Tuesday, May 29, 2012

We Have Met the Idiots in Marketing

So the other day I found myself returning to the Pragmatic Marketing site, downloading papers and reading some of their content. If you haven't been there, it's an interesting visit and there's a lot of worthwhile content worth exploring. Essentially they are selling training for product marketing and product management, but they have a lot of content that helps explain the often misunderstood role of product management. Let me start by saying that the site is definitely worth a visit.

But one theme that really stuck in my craw was this notion of marketing being all about promotion, that marketing is the department with the coffee cups and t-shirts. I know what you're thinking, but while I recognize that a percentage of the business world believes this, what really annoyed me is the implication that we marketers also believe this. Like we're sitting around saying, "give us your silly new product and we'll take care of giving it the make-over. We'll make it pretty." Really.

Not to say that there aren't idiots and incompetents among our ranks. Or those that only see things in terms of promotions and programs -- "a t-shirt for every milestone!"  But don't go hanging this on the neck of everyone with a marketing title. If I had a dollar 38 dollars for every time that I've tried to get the engineering and product development people business focused on market needs, I would have pretty substantial chunk of money -- maybe not as much as Mark Zuckerberg, but enough to pay for a really nice wedding in my back yard this Saturday.

But it isn't just me who feels this pain -- product managers, a target audience of the Pragmatic Marketing site, feel this pain intimately. The downloads on the site are a siren song to their unfulfilled sense of order, calling to the underlying frustrations created by mediocre products and things that don't sell. And it's not their fault. Organizations often evolve cultural bureaucracies. Entrenched processes and the politics of people often prevent innovation -- or even streamlined process methodology -- from taking root.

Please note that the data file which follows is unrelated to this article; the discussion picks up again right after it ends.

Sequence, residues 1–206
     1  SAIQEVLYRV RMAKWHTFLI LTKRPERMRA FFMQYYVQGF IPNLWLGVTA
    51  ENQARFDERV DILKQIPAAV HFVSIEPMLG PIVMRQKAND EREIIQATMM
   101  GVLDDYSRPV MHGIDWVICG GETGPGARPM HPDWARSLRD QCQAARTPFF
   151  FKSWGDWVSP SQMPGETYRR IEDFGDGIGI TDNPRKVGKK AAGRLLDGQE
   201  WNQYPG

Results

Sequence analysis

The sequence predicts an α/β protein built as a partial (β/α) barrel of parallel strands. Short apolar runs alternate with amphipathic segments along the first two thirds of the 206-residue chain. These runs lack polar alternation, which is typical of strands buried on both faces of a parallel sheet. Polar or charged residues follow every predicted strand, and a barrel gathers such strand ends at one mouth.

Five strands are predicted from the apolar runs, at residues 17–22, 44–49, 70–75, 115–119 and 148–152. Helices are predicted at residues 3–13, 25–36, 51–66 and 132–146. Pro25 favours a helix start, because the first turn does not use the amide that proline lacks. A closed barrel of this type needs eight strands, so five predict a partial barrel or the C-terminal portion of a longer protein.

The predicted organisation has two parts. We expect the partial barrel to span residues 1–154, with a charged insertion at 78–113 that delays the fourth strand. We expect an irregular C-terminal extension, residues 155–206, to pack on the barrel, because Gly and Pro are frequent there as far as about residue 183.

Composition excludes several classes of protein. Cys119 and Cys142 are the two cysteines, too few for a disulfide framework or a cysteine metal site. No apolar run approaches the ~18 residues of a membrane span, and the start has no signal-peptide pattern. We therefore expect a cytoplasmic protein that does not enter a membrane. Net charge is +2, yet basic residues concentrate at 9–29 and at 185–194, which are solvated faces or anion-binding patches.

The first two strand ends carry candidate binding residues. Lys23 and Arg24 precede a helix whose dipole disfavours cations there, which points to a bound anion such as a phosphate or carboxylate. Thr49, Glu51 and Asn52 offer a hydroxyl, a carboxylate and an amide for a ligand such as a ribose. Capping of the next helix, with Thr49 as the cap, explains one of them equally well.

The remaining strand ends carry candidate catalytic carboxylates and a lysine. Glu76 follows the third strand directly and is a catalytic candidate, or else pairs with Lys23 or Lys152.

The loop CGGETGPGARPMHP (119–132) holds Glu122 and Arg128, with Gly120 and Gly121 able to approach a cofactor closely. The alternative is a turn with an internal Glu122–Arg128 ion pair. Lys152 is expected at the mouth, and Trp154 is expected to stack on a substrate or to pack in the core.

Product and Marketing as Food
Like any great product, building an amazing dish isn't simply the result of one technique, one method, or one process. It's the synthesis of these in the right combination that brings everything together. Sourcing great ingredients is important, but without care, great ingredients can be overcooked or poorly seasoned. Every dish doesn't need to be finished in butter. Elegant plating may add to the appeal of a dish, but it won't rescue bad food. If the dining area isn't clean or is otherwise inhospitable, no one will enjoy the food. And your Mom may be the best cook in the world, but she's probably not getting $100 per person for dinner because there's no business around her, nobody invited guests.

Here's hoping that you work in an environment that has a holistic understanding of product and marketing, that can see the bigger picture and puts things in context. But whether you do your you don't, check out the Pragmatic Marketing site. There's some thoughtful content there -- regardless of whether the place you work will adapt to it.

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